He has acted three stage dramas, such as Mee Harak and Pirimiyekgen Paminillak. Ahankara Nagare Batahira Ahasa Bonda Meedum Ganga Addara Haara Kotiya Kalu Kurulla Kotipathiyo Mini Gan Dela Pipi Piyum Sasara Bendi Bemi Smarana Samapthi Sooriya Kusuma Sulanga Matha Mohothak Wassane Premaya Wes සාරංග ඩිනක්ෂි එක්ව පොලීසියට පැමිණිල්ලක්

1988 Big East Men's Basketball Tournament

The 1988 Big East Men's Basketball Tournament took place at Madison Square Garden in New York City, from March 10 to March 13, 1988. Its winner received the Big East Conference's automatic bid to the 1988 NCAA Tournament, it is a single-elimination tournament with four rounds. Pittsburgh received the # 1 seed. Syracuse defeated Villanova in the championship game 85–68, to claim its second Big East Tournament championship. Most Valuable Player: Sherman Douglas, Syracuse All Tournament Team Sherman Douglas, Syracuse Jerome Lane, Pittsburgh Mark Plansky, Villanova Ramón Ramos, Seton Hall Stephen Thompson, Syracuse Doug West, Villanova "2008-09 Big East Media Guide". Pp. 136–138. Archived from the original on 2009-05-29. Retrieved 2009-05-28

Ligia Gargallo

Ligia Gargallo is a Chilean chemist and university professor of the Pontifical Catholic University of Chile. She works at the University of Tarapacá and at the Pontifical Catholic University of Chile, in Santiago, she received a bachelor's degree in chemical pharmaceutical at the University of Chile in 1959, degrees in chemistry from Paris Dauphine University and Katholieke Universiteit Leuven, a doctorate in chemical sciences at the University of Liège in Belgium in 1972, a doctorate in chemistry from Katholieke Universiteit Leuven. Her areas of investigation are focused in Macromolecules, her work has aided drug designers. She is the winner of the Prize L'Oréal-UNESCO to Women in Science 2007 and Chile's National Prize for Natural Sciences in 2014 because of the "pioneering work in the development of the chemistry of polymers and macromolecules". Chemical-Physical of Macromolecules in the interface air-water, Macromolecules. Spanish Academic publisher 265 publications until the 2014. 2007, Prize L'Oréal UNESCO to Women in Science 2014, National Prize of Natural Sciences of Chile Pontifical Catholic University of Chile page on Ligia Gargallo

The Dark Circle

The Dark Circle is the seventh novel by English novelist and journalist Linda Grant. Published in November 2016, it tells the story of tubercular east London twins and Miriam Lynskey, sent to convalesce in a post-World War II sanitorium in Kent shortly after the formation of the National Health Service; the Dark Circle was shortlisted for the Baileys Women's Prize for Fiction in May 2017. Eighteen-year-old twins Lenny and Miriam Lynskey enjoy life in post-World War II London, having spent an austere period in Wales as refugees. Lenny plans to become involved in the criminal world of their Uncle Manny, a former black-marketeer, now attempting to build a more legitimate property empire, whilst Miriam has gained employment in a respectable florist's shop in Mayfair; when Lenny is conscripted for national service, Uncle Manny pays a bribe to ensure that his nephew is rejected on medical grounds. However, the military's tests reveal that Lenny genuinely has tuberculosis and shortly afterwards Miriam is found to have the disease.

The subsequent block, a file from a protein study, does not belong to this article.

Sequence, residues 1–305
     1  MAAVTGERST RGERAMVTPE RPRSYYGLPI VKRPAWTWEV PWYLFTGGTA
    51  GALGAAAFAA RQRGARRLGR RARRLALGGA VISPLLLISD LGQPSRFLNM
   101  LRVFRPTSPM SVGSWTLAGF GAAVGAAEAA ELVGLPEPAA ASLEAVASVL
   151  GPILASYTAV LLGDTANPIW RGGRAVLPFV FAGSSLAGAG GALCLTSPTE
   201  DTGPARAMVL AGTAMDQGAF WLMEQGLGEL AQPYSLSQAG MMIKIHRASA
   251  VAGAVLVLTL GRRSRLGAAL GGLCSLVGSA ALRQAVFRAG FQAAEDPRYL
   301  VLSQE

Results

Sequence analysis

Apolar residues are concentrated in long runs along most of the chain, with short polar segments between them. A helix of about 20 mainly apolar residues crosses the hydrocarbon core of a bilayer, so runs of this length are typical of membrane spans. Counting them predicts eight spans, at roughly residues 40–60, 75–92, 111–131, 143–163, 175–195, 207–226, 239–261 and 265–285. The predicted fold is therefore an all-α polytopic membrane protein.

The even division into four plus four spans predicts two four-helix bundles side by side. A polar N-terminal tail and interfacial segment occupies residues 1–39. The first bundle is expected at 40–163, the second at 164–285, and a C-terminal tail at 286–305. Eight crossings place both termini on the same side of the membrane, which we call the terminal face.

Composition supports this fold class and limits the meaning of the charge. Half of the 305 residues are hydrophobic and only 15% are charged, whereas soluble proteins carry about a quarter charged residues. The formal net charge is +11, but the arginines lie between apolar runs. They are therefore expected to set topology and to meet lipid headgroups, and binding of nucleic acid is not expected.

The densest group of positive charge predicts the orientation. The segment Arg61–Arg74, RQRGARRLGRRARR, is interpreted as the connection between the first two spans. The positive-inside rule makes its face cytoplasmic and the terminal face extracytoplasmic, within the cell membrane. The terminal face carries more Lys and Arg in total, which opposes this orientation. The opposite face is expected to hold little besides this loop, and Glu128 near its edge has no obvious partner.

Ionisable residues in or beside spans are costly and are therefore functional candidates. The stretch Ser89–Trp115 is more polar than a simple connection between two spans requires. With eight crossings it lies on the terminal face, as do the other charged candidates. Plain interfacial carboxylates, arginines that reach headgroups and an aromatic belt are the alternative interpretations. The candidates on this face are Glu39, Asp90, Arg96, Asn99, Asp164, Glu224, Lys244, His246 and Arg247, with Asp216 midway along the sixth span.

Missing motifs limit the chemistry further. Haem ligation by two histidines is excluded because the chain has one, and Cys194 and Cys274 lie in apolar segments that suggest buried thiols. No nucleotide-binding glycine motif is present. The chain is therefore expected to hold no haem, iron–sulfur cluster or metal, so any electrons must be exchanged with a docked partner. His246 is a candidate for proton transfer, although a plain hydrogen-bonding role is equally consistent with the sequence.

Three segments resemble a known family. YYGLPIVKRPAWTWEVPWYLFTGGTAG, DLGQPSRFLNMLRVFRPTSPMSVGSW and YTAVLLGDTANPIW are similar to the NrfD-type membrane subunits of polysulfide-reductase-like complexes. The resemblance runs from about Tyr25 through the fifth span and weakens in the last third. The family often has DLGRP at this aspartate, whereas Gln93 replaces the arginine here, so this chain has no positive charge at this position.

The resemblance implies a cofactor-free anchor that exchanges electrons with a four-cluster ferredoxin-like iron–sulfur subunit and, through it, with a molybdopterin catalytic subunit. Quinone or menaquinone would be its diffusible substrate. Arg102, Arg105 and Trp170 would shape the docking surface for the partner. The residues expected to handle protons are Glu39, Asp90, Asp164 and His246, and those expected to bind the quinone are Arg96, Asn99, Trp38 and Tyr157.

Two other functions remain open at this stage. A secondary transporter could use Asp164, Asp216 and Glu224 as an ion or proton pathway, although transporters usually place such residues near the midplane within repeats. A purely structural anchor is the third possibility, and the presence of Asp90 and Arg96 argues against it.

They are both sent to the Gwendolyn Downie Memorial Hospital, known colloquially as the Gwendo, a recently-built sanatorium in rural Kent where they are the institution's first Jewish patients. Whereas such institutions only served well-to-do private patients, the recent advent of the NHS means that a wider section of British society is treated there for free. An additional bonus for the twins is that food for the patients is unrationed, unlike in the rest of post-war Britain; however and Lenny are rebellious patients from the outset, not least after they hear rumours of a miracle cure, which promises an alternative to the Gwendo's harsh surgical and cold air remedies. They are aided in their defiance by fellow resident Arthur Persky, a merchant seaman from the United States, with whom Miriam falls in love. Miriam and Lenny both form a friendship with another patient, who uses her Oxford University learning to help educate them. Miriam is rendered deaf as a result of the side-effects of Persky injecting her with a batch of streptomycin stolen at the behest of Uncle Manny.

The Gwendo is shut down shortly afterwards, following an unrelated government inspection. Persky attempts to meet Miriam in Spain – where she is holidaying with Lenny and other friends – but is caught stealing her a Paris gown belonging to a passenger of the cruise liner he is working on, he is detained on board and returned to the US. In life, Lenny has forged a successful media career and married Valerie. Despite Miriam's deafness he calls her by telephone every day for over sixty years, on the basis that "As long as I hear her breathing at the other end, I know not to worry". Lenny and Valerie retire to the Côte d'Azur, where Miriam joins her brother after the death of his wife. Writing in the London Evening Standard, Rosamund Irwin stated, "A Grant novel is always a treat — packed with'I wish I had said that' observations — but The Dark Circle feels personal to me. Both my father's father and my mother's mother had TB", before adding, "Grant meticulously conveys the horrors of the disease".